In R (oao Gallaher and others) v CMA [2018] UKSC 25, handed down last week, the Supreme Court has clarified that substantive unfairness is not an established ground of judicial review and that likewise there is no “distinct principle” of equal treatment.

Case background

In March 2003, the Office of Fair Trading (“OFT“) (a predecessor of the Competition and Markets Authority) launched an investigation into alleged price-fixing arrangements in the tobacco industry. In April 2010, it issued a decision with a finding of infringement against 13 companies (manufacturers and retailers). Six of these companies appealed to the Competition Appeal Tribunal. Six had previously entered into so-called “early resolution agreements” (“ERAs“), admitting their infringement in return for a 20% in penalty. At that time, ERAs were not provided for in statute nor indeed described in any OFT document. TM Retail was one of the six parties who had entered into an ERA and was not party to the appeal.

In 2008, the OFT gave an assurance to TM Retail (who queried the point) that it would apply the same principles to TM Retail as those determined in the appeal being brought by the other six companies – in effect, confirming that TM Retail would also get the benefit of the appeal.

In 2011, the Competition Appeal Tribunal upheld the appeals of all six appealing parties. The OFT subsequently released a statement announcing that, in light of the specific assurances given to TM Retail, it would be paying the amount of its penalty and a contribution to interest and legal costs.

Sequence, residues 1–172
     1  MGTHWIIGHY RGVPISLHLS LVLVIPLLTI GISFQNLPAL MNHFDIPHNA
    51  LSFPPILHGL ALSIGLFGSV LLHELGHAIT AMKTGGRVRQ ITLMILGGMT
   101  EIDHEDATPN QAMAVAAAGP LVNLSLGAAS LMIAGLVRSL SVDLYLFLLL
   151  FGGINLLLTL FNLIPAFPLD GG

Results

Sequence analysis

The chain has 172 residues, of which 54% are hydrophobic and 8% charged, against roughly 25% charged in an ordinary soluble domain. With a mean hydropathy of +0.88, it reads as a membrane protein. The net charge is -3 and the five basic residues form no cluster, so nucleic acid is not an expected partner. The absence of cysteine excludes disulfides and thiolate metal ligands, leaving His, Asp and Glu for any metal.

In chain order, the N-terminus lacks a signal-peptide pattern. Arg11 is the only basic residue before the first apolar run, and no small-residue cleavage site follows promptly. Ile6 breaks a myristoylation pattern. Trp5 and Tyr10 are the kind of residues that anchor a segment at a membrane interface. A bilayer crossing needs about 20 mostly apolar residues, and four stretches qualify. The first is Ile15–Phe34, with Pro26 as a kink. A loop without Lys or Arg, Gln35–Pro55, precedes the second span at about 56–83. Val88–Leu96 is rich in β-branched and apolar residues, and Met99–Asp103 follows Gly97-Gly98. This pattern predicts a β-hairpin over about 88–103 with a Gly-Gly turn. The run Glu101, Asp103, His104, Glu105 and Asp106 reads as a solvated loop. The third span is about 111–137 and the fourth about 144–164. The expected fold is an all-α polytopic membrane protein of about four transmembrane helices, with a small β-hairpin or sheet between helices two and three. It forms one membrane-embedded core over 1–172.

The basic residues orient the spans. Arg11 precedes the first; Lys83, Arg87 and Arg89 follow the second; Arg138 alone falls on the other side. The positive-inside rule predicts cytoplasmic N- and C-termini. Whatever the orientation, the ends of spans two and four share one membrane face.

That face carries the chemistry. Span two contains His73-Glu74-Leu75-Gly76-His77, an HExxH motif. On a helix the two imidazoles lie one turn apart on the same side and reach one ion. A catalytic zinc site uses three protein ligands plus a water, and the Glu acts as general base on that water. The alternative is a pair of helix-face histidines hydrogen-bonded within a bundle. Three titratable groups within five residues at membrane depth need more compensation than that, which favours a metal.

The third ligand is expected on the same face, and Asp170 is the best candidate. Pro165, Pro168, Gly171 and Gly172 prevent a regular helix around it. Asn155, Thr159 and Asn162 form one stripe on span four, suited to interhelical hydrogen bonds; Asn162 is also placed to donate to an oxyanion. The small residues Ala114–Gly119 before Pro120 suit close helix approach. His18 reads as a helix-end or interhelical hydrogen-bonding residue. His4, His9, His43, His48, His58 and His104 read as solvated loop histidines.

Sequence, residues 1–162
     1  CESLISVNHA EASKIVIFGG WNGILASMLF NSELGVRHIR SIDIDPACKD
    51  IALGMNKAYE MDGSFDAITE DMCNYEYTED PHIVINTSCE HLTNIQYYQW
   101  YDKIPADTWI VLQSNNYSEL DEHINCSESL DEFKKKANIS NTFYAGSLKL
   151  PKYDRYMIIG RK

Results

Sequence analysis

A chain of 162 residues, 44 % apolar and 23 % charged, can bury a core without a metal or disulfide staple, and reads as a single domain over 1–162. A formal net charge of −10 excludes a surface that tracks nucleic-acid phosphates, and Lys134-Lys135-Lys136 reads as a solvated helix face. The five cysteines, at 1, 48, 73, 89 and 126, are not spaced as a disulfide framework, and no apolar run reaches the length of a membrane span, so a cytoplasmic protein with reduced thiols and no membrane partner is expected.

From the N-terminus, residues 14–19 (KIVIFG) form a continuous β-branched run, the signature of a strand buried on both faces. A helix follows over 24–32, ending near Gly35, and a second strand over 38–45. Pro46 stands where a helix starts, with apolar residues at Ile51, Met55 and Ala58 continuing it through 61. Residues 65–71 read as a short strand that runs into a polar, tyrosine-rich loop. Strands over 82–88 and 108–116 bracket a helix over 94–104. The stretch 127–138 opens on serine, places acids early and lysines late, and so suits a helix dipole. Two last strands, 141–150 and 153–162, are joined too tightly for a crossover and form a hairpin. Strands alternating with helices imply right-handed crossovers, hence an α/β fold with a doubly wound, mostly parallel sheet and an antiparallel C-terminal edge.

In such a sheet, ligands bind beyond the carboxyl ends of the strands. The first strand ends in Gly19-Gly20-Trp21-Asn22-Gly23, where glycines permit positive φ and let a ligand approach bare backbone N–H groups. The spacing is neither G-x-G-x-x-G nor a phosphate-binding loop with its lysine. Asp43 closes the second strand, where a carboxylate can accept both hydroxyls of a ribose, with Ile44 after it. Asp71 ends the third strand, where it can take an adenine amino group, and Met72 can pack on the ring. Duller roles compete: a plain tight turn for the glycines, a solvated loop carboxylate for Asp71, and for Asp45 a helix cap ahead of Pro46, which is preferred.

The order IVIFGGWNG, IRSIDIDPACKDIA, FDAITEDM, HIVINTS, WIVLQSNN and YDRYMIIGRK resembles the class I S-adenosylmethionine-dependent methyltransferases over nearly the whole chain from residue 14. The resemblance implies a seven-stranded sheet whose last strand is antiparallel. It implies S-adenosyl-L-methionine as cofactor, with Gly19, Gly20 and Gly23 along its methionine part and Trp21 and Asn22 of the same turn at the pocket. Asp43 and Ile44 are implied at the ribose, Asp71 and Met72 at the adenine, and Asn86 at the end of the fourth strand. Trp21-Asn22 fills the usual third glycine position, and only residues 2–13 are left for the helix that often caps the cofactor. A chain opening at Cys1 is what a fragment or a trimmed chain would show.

The respondents (Gallaher and Somerfield) claimed that they should also have been given the benefit of the OFT’s assurances to TM Retail. They therefore brought judicial review proceedings against the OFT asking it to withdraw the decisions against them and refund their penalties, on the basis that the OFT had failed to uphold its duties of “fairness” and “equal treatment” by treating them differently from TM Retail.

The judgments

The judge at first instance held that although the OFT’s powers were “subject to public law requirements of fairness and equal treatment” and that it was “essential that in negotiations in relation to ERAs one party is not given an advantage denied to another“, the specific assurance had been given in error and that “as a general rule a mistake should not be replicated where public funds are concerned.” The Court of Appeal, however, concluded that “the OFT must comply with the principle of equal treatment in all steps leading up to the imposition of a penalty” and that the failure to offer the assurance to the other parties was “stark and manifest“. The Court of Appeal therefore declared that the OFT had acted unlawfully by not making the assurance to the other parties in 2008, and not paying those parties’ penalties in 2012.

The Supreme Court departed from both approaches. It held that “[w]hatever the position in European Union law or under other constitutions or jurisdictions, the domestic law of this country does not recognise equal treatment as a distinct principle of administrative law.” Whilst it is a “generally desirable objective” or a “democratic principle“, it is “not an absolute rule” nor a “justiciable rule of law“.